The Immortal Game
Saintly Emperor, God of War, Yunchang, Sangharama Bodhisattva, Lord Guan the Second, Lord of the Magnificent Beard
Epic Charisma, Epic Manipulation, Epic Stamina, Guardian, Justice, Taiyi, War
Command, Control, Fortitude, Integrity, Melee, Politics
Recently Guan lead an attack against the Amatsukami believing they were the one to break the truce and attack North Korea.
The both sides thought that they could use Soki-no-Kumi as a shortcut and attack with surprise. When both sides met in the middle of Titan they were both surprised and began to fight without hesitation.
During the battle Guan Yu and Amaterasu ended up literally bumped into each other, they fought each other to stand still. Both sides’s forces clashed around them seemingly without a plan. Guan was the first to notice his pantheon’s old foe, Hundun, was at work on the battle and convinced Amaterasu to stop fighting long enough to rally their forces and stand together.
Casualties from battle were mostly due to “friendly-fire” than to the other pantheon. Both sides agreed to a truce till they could get everything sorted.
The Fighting unfortunately caught the attention of the Soki-no-Kumi’s lesser beings, trapping the two pantheons in a single camp besieged by the evil forces that lurk in the darkness of nightmares.
Thanks to the band, Dusty Travelers, the Shen and Amatsukami were able to free each other and escape the Titan realm returning or more less to the Status Quo.
The Celestial Bureaucracy points to Guan Yu as its a great example of a Scion who made good. Guan Yu was born in 160 CE, and history books say he died in 219. The famous Romance of the Three Kingdoms recounts some of his adventures. After his death, people worshipped Guan Yu as a God, according him every-higher honors until he became one of the most popular Gods in the Celestial Bureaucracy. After the debacle of World War Two, the elder Gods chose Guan Yu as the new Jade Emperor — the youngest God ever to hold that office.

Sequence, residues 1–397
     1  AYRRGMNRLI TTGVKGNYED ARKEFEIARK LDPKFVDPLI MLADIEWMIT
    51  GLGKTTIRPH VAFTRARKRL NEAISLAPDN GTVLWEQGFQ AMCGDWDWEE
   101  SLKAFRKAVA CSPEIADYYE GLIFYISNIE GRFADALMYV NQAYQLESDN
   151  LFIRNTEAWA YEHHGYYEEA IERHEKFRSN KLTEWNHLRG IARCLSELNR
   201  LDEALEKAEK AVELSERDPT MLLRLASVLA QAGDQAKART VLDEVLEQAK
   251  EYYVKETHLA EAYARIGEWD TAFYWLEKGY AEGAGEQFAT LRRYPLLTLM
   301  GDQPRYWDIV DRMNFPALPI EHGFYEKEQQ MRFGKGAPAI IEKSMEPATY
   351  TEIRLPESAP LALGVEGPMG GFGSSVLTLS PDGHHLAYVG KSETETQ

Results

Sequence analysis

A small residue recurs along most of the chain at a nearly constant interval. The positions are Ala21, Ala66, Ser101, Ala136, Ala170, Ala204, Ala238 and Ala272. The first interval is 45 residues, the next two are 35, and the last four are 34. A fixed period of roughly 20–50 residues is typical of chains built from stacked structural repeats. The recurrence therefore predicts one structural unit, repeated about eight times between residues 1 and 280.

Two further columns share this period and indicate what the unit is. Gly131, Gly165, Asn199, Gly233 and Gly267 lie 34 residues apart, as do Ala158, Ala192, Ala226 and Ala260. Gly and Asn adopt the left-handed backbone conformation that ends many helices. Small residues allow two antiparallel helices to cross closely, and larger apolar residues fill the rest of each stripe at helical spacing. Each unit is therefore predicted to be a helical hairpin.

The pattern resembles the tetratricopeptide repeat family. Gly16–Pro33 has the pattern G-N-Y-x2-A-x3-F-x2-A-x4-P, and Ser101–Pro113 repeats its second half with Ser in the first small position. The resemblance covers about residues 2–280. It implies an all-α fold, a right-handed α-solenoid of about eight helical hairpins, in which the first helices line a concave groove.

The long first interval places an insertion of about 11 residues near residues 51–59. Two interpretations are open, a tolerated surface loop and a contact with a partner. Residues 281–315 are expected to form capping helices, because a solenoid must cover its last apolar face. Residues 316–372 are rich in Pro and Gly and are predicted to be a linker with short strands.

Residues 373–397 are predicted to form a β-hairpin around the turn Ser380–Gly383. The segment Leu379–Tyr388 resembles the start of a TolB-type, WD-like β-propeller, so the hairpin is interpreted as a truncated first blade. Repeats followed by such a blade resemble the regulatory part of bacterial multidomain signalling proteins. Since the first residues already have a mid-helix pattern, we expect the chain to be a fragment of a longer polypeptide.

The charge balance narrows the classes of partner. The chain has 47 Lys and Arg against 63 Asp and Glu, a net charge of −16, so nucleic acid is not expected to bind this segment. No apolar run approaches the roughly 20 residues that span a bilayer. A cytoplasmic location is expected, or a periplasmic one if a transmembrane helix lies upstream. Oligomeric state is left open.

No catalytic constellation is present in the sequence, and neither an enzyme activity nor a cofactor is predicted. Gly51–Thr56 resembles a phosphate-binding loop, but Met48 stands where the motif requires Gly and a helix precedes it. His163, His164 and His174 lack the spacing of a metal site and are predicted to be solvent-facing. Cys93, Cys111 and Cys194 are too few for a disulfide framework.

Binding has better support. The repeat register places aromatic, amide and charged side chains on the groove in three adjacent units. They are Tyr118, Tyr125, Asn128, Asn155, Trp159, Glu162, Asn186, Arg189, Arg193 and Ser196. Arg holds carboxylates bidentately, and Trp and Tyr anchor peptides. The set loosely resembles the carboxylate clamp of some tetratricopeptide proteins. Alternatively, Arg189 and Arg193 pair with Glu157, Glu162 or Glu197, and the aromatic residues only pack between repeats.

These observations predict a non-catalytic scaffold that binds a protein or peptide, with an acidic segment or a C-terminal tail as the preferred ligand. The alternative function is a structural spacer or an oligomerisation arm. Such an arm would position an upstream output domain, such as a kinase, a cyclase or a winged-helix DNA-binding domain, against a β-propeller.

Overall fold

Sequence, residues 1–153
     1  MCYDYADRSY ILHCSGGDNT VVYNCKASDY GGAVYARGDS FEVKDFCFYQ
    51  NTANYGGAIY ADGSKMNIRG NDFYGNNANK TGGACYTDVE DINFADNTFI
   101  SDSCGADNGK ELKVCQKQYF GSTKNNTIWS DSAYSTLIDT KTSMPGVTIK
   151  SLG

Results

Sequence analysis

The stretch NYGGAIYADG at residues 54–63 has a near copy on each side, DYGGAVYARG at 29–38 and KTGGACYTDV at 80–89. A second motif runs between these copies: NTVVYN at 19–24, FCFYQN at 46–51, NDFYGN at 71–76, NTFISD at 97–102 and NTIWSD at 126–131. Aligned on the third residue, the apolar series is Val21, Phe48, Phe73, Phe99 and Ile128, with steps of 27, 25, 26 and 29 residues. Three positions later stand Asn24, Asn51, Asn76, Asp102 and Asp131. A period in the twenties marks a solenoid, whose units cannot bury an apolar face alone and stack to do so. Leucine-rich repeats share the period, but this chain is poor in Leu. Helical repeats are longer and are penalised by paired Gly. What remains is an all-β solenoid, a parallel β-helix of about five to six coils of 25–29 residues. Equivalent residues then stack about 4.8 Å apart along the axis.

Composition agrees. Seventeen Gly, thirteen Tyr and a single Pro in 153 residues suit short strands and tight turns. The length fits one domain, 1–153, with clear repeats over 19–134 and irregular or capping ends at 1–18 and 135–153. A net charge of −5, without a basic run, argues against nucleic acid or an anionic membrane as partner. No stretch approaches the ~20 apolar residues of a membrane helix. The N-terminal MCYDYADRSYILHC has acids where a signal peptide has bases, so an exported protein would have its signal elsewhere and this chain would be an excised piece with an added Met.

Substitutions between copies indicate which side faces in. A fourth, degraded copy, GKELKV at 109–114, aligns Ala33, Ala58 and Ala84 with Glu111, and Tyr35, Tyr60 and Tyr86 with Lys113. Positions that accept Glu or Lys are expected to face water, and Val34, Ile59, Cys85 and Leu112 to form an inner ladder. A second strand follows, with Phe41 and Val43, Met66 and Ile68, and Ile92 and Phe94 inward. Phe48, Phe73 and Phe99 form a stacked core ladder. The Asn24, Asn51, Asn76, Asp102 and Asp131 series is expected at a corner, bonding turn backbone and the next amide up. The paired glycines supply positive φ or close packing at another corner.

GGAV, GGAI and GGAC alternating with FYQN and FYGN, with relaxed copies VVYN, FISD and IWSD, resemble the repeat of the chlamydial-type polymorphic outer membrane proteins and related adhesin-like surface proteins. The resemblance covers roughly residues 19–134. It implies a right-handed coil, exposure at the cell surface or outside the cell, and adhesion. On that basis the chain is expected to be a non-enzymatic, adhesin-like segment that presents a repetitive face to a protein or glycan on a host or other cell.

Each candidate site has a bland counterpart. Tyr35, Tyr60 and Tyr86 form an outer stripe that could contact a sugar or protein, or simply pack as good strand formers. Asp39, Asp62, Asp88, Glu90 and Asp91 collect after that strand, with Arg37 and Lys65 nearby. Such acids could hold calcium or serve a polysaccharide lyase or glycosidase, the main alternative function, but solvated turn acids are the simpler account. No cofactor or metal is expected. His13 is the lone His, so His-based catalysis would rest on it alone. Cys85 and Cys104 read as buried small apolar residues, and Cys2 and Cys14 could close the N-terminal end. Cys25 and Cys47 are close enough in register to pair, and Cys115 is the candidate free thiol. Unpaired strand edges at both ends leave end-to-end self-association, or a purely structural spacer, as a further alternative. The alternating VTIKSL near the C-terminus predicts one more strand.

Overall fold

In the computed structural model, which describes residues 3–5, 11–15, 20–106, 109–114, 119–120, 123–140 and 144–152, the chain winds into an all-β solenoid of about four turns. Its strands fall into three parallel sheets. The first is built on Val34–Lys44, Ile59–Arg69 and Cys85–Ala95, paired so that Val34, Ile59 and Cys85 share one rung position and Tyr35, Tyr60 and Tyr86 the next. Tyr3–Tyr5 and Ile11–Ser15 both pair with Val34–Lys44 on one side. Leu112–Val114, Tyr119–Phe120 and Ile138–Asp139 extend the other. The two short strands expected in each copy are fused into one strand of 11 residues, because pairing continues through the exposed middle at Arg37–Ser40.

Guan Yu finds ruling the Celestial Bureaucracy a constant struggle to balance competing factions. Under Emperor Guan’s stewardship, the Celestial Bureaucracy has rebuilt its power to an astonishing degree, paralleling China’s return to world power in the mortal World.
His imperial duties leave little time for Guan Yu to visit the World, but he still found time to become a Triad soldier in Macau, a cop in Hong Kong and in California and a businessman in Taiwan. In all his guises, he keeps his ruddy face (deep red in his divine form) and magnificently bristling beard. Though not one of the strongest Gods, Guan Yu is a great sausage of a man who looks more than ready to beat the stuffing out of any God who disobeys him. Which he has done, on occasion — not ideal Confucian rulership by virtuous example, but it gets the job done. Still,
Guan Yu also has one of the keenest political minds in the pantheon, and his reputation for strict honor has few equals. Guan Yu’s Scions share their father’s talent for strategic use of power. They become prosecuting attorneys or gangsters — sometimes in the same life — as well as military officers, spies, martial arts instructors,bodyguards and hard-driving business executives. They don’t always follow the law, but they always follow a code that makes them highly trusted even by their enemies.